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Compiler Warnings for Objective-C Developers by Ole Begemann

Ole Begemann on compiler warning:

You should always strive for a project that builds with zero warnings. A code base that leaves compiler warnings unfixed is a sign of carelessness on the part of the developer.

Because the compiler knows more about machine architecture, because he is less lazy than me, because he is clever, because he is rentless, I always care when he complains.


A recent example of mine: I’ve declared an IBAction in a subclass of UITableViewCell

in GotoCell.h:

@interface GotoCell : UITableViewCell 

    - (IBAction)select:(id)sender;

@end

in GotoCell.m:

@implementation GotoCell 

    - (IBAction)select:(id)sender{
        NSLog(@"Cell has been selected")
    }

@end

In Xcode 4.6.2, these apparently innocuous lines started to give warnings:

/Users/jc/Documents/Dev/Meon/iOS-Meon/Classes/GotoCell.m:58:1: warning: attributes on method implementation and its declaration must match [-Wmismatched-method-attributes]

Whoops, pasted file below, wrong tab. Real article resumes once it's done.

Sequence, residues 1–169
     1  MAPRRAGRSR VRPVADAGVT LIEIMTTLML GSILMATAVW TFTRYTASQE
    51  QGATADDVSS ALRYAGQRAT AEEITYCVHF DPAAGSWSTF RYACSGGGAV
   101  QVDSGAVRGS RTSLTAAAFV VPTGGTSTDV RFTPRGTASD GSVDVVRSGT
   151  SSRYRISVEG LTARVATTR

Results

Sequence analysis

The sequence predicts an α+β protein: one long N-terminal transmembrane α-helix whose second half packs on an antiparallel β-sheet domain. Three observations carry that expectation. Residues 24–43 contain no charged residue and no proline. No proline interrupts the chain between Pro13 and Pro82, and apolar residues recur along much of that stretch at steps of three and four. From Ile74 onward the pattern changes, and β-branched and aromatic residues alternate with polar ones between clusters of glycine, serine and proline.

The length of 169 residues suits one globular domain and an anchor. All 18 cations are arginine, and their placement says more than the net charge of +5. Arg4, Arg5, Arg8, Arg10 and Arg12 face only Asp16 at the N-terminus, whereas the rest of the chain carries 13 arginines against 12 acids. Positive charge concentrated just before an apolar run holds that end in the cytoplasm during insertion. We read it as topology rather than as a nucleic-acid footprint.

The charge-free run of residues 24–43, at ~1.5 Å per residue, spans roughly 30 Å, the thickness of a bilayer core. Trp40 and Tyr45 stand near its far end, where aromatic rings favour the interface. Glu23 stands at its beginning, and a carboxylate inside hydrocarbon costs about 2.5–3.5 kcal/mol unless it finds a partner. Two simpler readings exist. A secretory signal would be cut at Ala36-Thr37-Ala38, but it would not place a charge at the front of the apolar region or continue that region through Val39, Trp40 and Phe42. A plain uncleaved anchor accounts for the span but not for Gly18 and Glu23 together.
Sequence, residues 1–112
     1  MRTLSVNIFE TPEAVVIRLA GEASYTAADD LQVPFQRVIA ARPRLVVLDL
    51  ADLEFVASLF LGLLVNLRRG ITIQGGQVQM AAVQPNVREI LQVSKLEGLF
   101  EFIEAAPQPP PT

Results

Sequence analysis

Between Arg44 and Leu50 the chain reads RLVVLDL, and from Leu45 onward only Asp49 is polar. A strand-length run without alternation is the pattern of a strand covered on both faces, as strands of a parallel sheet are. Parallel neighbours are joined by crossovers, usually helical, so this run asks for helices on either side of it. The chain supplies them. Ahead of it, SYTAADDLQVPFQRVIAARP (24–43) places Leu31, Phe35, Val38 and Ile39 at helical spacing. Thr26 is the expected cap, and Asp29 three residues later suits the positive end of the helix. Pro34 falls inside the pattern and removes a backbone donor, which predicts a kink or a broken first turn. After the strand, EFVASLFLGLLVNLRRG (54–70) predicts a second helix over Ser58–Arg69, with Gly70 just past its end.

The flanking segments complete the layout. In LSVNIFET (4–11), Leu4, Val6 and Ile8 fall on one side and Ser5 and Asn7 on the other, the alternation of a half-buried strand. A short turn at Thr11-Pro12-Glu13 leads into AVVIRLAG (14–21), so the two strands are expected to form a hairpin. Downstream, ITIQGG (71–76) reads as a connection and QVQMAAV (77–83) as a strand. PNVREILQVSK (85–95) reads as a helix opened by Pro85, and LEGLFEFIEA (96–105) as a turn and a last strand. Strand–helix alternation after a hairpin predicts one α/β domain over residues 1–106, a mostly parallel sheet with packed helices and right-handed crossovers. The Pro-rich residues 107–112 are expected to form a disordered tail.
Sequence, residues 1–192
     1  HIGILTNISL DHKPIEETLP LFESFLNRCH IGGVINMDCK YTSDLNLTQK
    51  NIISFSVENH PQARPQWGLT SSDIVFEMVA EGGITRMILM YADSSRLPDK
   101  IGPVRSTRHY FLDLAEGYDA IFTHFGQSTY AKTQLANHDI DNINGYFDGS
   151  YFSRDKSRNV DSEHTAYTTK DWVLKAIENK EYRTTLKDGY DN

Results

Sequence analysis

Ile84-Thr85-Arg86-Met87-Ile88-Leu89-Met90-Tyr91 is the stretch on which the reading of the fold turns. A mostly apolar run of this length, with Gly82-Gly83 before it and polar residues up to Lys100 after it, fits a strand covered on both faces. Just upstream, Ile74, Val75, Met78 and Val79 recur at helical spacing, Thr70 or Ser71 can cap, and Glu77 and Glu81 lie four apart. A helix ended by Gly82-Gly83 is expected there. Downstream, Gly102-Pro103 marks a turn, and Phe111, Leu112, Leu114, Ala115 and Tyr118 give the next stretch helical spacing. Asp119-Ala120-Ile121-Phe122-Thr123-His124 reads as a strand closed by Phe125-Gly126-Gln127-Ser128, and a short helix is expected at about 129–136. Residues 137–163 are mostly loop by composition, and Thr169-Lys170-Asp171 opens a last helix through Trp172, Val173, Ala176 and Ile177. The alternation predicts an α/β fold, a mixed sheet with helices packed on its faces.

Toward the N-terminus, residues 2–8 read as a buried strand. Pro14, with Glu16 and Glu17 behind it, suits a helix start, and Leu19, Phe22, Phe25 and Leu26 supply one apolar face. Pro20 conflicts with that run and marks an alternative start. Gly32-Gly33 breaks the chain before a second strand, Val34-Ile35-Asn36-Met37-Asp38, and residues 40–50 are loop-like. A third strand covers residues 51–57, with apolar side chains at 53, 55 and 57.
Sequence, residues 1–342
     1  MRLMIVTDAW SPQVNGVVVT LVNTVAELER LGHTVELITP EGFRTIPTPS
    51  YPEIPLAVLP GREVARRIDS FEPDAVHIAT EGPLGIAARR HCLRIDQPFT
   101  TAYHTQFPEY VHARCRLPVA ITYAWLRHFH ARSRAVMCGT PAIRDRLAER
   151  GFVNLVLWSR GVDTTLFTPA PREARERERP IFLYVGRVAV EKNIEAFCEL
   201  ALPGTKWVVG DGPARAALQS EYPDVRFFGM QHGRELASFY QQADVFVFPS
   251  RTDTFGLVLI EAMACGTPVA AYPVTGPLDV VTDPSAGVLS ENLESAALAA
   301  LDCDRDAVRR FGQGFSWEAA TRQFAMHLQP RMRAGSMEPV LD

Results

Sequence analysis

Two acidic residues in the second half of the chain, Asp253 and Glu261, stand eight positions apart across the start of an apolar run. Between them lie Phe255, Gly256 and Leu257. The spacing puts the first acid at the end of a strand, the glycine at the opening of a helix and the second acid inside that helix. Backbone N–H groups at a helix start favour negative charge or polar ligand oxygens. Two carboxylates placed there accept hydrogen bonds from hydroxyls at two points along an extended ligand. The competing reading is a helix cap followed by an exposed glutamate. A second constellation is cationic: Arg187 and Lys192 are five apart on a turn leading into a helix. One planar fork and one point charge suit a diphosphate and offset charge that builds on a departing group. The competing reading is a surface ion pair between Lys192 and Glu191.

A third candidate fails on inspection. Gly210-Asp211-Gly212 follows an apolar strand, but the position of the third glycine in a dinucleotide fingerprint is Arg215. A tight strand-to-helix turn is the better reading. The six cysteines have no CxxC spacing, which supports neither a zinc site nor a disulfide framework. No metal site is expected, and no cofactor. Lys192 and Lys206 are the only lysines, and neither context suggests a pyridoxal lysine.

{
^
/Users/jc/Documents/Dev/Meon/iOS-Meon/Classes/GotoCell.h:28:1: note: method ’select:’ declared here
- (IBAction)select:(id)sender;
^
1 warning generated.

How the hell this basic Objective-C code could raise warning? Command+click on the selector name in the implementation file gives me the answer:

Warning popup

In UIResponder.h, there is a category on NSObject called UIResponderStandardEditActions, that already declared select:. The difference is just in the returned type void instead of IBAction, which are exactly the same and NS_AVAILABLE_IOS(3_0) which decorates the selector

@interface NSObject(UIResponderStandardEditActions)   // these methods are not implemented in NSObject

- (void)cut:(id)sender NS_AVAILABLE_IOS(3_0);
- (void)copy:(id)sender NS_AVAILABLE_IOS(3_0);
- (void)paste:(id)sender NS_AVAILABLE_IOS(3_0);
- (void)select:(id)sender NS_AVAILABLE_IOS(3_0);

In this case, I thanks the compiler to warm me about this because I didn’t want to override the select selector of NSObject(UIResponderStandardEditActions), I just wanted to have my own selector.

So I rename my methods to selectCell:. (You can arguably say that there is a small risk that selectCell: is also declared somewhere… If only we could have namespace in Objective-C!)



Zen of Developer: always strive for 0 warning


A last note: Xcode 4.6 brings new warnings, more information at http://useyourloaf.com/blog/2013/03/03/xcode-4-dot-6-recommended-build-settings.html

From jc.

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